Earlier this month, I attended Arianna Huffington, Donna Karan and Sarah Brown’s second-annual WIE Symposium (Women: Inspiration & Enterprise), an event which set out to explore the central theme of “What it means to be a woman now” through a variety of thought-provoking and informative panels and lectures. The two day event, which benefited the White Ribbon Alliance for Safe Motherhood, featured a keynote from Dr. Jill Biden and a wide diversity of esteemed and inspiring speakers. Several women leaders and activists were also honored with WIE awards. I was there for the presentation of the WIE Leadership award to Nancy Pelosi, the Democratic Leader of the United States House of Representatives, who made history when she became the first female Speaker of the House, a position she served from 2007-2010. She currently serves as House Minority Leader.
Pelosi was presented with the award by Jeffrey Sachs, American economist and Director of the Earth Institute at Columbia, who praised her as “someone who has stood for the right things very, very boldly and with incredible consistency … with a long track record of decency, leadership and wise judgment.” Sachs called her “one of our country’s greatest leaders for women’s rights, for sexual reproductive rights, for the defense of all groups in our society” as well as an important champion for peace.
When Pelosi took the stage, she shared her personal story of getting from “the kitchen to the Congress” and from “being a powerful homemaker to being the House Speaker” (Pelosi has five children and eight grandchildren). One inspiring story she shared was about her first official meeting at The White House after being elected House Speaker — with then President Bush, the Vice President and the other leadership of the Democratic and Republican House and Senate. She said she had the sensation of “feeling very squeezed in my chair, I just couldn’t figure out what it was, just very tight.” She realized it was the presence of “Susan B. Anthony, Elizabeth Cady Stanton, Lucretia Mott, Sojourner Truth, Alice Paul — they were all sitting on the chair with me, in that room. And then I could hear them say ‘At last we have a seat at that table!’” Pelosi paused for the audience’s applause and cheers, then added, “And then they were gone. And my first thought was, we want more!”
Pelosi then went on to talk about the uphill battle and criticism those pioneering suffragettes faced in their tireless and brave fight for a women’s right to the vote, reminding us that she and all women today are “standing on their shoulders.” Pelosi says it was a “tremendous” achievement to have become the first woman Speaker, adding, “You have no idea how it is there — it’s like not a glass ceiling, it’s a marble ceiling.”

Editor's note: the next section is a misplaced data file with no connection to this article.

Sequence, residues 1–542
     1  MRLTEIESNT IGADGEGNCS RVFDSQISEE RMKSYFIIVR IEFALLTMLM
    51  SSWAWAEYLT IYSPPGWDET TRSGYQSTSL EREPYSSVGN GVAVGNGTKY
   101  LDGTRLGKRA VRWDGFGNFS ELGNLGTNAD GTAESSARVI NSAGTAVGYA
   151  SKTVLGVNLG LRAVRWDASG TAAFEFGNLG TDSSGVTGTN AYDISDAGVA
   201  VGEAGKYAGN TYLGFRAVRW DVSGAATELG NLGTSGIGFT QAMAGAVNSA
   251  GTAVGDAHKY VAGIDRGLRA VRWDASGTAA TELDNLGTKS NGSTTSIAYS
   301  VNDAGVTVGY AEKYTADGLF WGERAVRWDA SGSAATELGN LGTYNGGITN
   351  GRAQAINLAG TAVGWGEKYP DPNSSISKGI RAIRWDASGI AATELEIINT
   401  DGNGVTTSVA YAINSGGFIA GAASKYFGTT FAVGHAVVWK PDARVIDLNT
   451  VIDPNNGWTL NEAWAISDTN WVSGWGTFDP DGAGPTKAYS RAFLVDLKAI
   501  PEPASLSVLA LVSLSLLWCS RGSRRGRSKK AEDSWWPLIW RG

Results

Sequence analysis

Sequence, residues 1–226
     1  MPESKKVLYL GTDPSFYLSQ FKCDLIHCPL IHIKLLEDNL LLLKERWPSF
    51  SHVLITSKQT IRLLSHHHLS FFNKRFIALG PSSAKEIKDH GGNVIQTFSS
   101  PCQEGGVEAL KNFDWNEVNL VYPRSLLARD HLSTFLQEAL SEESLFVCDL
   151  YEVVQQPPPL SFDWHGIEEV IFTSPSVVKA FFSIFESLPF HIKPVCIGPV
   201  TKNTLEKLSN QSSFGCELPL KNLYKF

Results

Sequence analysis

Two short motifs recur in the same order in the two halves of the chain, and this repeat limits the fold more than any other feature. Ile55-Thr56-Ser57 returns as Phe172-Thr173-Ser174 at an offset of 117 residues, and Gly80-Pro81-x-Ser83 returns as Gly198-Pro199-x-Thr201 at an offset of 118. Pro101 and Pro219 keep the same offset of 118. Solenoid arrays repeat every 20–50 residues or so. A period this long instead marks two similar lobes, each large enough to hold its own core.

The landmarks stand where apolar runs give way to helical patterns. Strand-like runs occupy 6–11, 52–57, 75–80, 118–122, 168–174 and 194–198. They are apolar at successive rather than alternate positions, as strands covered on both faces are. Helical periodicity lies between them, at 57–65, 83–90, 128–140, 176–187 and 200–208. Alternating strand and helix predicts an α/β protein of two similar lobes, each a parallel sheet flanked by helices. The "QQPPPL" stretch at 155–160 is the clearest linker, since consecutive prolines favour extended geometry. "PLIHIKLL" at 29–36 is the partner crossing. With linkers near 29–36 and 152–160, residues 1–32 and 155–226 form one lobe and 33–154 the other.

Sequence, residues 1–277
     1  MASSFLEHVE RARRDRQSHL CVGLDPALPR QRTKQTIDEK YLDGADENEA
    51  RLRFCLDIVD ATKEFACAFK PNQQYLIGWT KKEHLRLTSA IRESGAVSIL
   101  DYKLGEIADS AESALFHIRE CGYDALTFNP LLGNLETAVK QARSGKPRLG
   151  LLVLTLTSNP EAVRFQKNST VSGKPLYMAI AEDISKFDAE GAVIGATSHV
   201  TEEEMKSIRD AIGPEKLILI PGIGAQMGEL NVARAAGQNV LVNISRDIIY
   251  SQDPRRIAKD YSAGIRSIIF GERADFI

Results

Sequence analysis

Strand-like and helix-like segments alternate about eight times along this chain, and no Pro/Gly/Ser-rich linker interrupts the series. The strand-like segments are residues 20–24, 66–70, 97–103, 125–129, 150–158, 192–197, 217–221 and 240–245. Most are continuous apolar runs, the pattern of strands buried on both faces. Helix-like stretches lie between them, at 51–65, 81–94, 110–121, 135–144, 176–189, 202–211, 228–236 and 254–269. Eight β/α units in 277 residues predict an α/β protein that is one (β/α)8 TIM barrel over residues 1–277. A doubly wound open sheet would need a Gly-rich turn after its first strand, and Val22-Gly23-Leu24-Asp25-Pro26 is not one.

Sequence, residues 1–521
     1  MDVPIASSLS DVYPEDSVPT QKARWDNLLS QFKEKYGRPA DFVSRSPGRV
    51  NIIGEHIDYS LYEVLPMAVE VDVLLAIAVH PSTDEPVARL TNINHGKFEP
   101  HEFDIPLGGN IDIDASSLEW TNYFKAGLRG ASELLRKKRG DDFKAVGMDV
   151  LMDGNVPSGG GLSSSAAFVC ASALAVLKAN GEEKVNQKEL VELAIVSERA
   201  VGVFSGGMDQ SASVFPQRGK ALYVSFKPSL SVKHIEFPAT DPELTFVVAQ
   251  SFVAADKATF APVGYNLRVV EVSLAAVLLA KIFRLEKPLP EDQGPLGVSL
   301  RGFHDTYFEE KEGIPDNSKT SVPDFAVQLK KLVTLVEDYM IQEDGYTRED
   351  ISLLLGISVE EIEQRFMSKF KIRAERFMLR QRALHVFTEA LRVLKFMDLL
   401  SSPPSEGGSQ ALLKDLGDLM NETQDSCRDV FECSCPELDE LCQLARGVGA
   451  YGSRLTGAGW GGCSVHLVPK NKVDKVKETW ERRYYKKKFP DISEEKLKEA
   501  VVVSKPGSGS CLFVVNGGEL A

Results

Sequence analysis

In the remaining portion of her speech, she touched on many topics, ranging from making sure her colleagues “consider women when they come to the table to make decisions,” fighting discrimination against women in health care (“no longer will being a woman be a pre-existing medical condition”), alleviating poverty and disease and helping women in the Third World, and the growing role of women’s entrepreneurship and women-owned businesses in fostering job creation and boosting the economy. She ended by addressing the room, saying she was excited to see “so many young women with all your hopes, dreams and aspirations.” She encouraged them to “understand that your success will help so many other people in the world… We all have to do our part. Nothing is more wholesome for our country than the increased participation of women in government, business and the academic world and the leadership of our country.”
Immediately after her speech, I was honored to have a few moments alone with Pelosi to ask her a few questions.
Marianne Schnall;: That was a very inspiring speech. For the people who might not have been able to be here, what was the one message you are most hoping to convey?
Nancy Pelosi: Well, one message is: Know your power. And be ready. Because you just don’t know what opportunity will present itself when. But I want these young women to have the confidence that whatever they have been doing will prepare them in a very unique way for the challenges ahead. There’s no one like them. There’s no one like them.
MS: Only 17 percent of Congress is women. What can we do to change that and get more women into positions of political leadership?
NP: Yeah, I know, it’s a small percentage of Congress. But we have to do more. It’s a decision we have to make as a country. But women also have to decide and be confident about taking the chance of running — it’s tough.
I think women also have to — and I have said this to some groups lately — women have to have each other’s backs. Because we are talking about power. And nobody ever yields power. It is fought for. And when women go forward — they are great competitors, but therefore they become great targets. And women have to help women in that regard.